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West hopes Egypt transition inspires others

February 15, 2011 12:00:00 AM PST
The Egyptian military wants to hand power to a democratically elected president within six months. The country's ruling military leaders made the announcement on Tuesday, revealing the most concrete timeline yet for the North African nation's transition to democracy.

Traffic is moving freely through Cairo's main square, which was ground zero of the revolution.

An eight-member panel entrusted to draw up constitutional amendments met for the first time on Tuesday. Those changes are expected within 10 days.

President Barack Obama praised Egypt's military council for working toward elections and a return of civilian control.

Meanwhile, Egypt's long-banned Muslim Brotherhood said it will form an actual political party once democracy is established. But the Brotherhood promised not to field a candidate for president, trying to allay fears at home and abroad that it seeks power.

The potential that the Brotherhood will emerge from Egypt's upheaval with greater influence has worried many Egyptians and others who fear a spread of Islamic militancy in the region. During his 29 years in power, former President Hosni Mubarak stoked such concerns at home and abroad, depicting his authoritarian grip as the only thing standing between Egypt and a Brotherhood takeover.

But many in Egypt contend the Brotherhood's strength is exaggerated.

Brotherhood, founded in the 1920s, has long been the most organized opposition movement. Though banned since 1954, the Brotherhood ran candidates for parliament as independents.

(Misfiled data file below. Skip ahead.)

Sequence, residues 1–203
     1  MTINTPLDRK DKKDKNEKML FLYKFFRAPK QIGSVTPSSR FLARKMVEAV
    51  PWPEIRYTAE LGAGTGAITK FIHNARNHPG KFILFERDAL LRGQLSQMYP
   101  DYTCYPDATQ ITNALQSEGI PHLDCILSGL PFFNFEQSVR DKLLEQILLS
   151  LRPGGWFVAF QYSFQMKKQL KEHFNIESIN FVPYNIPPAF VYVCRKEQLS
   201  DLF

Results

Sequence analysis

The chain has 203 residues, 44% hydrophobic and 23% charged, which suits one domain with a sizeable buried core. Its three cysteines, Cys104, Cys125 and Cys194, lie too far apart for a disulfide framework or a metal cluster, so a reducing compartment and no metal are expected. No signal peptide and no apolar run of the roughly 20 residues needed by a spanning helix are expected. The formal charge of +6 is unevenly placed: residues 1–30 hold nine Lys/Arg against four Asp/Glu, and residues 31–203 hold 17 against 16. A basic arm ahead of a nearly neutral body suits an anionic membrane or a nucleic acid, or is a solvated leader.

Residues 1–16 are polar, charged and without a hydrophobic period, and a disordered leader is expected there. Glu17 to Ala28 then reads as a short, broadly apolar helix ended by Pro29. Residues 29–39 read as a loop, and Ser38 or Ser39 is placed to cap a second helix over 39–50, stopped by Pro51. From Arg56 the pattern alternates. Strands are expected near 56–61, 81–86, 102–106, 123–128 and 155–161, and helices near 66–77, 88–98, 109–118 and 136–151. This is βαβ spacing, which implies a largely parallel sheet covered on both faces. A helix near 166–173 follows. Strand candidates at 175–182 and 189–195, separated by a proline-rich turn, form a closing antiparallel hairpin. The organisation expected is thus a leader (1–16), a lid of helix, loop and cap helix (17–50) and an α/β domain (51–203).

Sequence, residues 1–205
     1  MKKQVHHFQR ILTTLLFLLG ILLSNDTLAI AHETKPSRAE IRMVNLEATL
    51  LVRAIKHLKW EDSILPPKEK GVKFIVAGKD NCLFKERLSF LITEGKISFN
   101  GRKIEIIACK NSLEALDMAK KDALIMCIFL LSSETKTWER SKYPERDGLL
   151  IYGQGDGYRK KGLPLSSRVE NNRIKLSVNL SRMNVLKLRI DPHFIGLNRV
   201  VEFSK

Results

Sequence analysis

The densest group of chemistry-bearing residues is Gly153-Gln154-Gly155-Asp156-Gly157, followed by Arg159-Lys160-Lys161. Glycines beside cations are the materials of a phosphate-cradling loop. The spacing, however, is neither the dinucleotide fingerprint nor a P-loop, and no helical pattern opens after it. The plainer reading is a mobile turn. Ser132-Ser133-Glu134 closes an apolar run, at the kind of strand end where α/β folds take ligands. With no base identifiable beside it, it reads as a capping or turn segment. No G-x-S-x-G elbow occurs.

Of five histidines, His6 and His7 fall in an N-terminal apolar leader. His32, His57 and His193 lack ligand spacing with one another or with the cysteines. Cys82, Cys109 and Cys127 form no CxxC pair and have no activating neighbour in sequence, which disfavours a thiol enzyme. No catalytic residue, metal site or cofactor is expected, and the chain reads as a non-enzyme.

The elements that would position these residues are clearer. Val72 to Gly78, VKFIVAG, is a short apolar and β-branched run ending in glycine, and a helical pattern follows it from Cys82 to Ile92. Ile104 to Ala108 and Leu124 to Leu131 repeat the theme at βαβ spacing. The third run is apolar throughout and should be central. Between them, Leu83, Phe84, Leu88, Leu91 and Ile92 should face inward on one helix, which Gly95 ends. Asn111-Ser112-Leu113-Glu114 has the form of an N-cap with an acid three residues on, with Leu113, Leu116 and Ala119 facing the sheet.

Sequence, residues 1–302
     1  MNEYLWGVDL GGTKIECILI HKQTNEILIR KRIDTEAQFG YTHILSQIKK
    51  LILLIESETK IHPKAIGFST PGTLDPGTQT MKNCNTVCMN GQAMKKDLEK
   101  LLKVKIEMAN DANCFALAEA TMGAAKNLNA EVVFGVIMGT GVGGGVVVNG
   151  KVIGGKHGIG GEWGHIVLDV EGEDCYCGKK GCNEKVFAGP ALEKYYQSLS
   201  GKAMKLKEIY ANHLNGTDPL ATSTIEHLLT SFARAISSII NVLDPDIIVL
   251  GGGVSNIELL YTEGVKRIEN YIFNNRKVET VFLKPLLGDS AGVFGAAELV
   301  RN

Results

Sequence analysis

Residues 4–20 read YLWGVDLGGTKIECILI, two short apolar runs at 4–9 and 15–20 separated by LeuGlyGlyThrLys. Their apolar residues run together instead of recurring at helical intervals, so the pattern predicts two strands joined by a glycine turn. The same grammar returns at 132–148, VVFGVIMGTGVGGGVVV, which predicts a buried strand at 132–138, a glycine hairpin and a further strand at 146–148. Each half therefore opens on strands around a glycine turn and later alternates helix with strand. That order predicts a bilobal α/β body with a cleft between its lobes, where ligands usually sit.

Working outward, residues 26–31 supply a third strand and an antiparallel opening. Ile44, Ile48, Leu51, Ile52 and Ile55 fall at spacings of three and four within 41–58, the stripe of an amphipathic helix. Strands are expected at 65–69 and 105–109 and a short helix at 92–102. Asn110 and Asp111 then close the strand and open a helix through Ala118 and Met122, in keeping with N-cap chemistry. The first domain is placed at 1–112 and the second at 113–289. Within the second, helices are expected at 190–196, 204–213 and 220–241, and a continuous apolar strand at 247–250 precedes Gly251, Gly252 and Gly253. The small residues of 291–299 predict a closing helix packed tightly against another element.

The group is eager to have a legitimate role after decades of suppression under Mubarak, whose regime arrested thousands of its members in regular crackdowns.

CBS News correspondent Lara Logan was recovering in a U.S. hospital Tuesday from a sexual attack and beating she suffered while reporting on the tumultuous events in Cairo.

Logan was in the city's Tahrir Square on Friday after Egyptian president Hosni Mubarak stepped down when she, her team and their security "were surrounded by a dangerous element amidst the celebration," CBS said in a statement Tuesday.

Separated from her crew in the crush of the violent pack, she suffered what CBS called "a brutal and sustained sexual assault and beating." She was saved by a group of women and an estimated 20 Egyptian soldiers, the network said. The Associated Press does not name victims of a sexual assault unless the victim agrees to it.

The attack on Logan, CBS News' chief foreign affairs correspondent, was one of at least 140 others suffered by reporters covering the unrest in Egypt since Jan. 30, according to the Committee to Protect Journalists. An Egyptian reporter died from gunshot wounds he received during the protests.

Logan joined CBS News in 2002. She regularly reports for the "CBS Evening News" as well as "60 Minutes," where she has been a correspondent since 2006. She has reported widely from Iraq and Afghanistan, and other global trouble spots.

The Associated Press contributed to this report.

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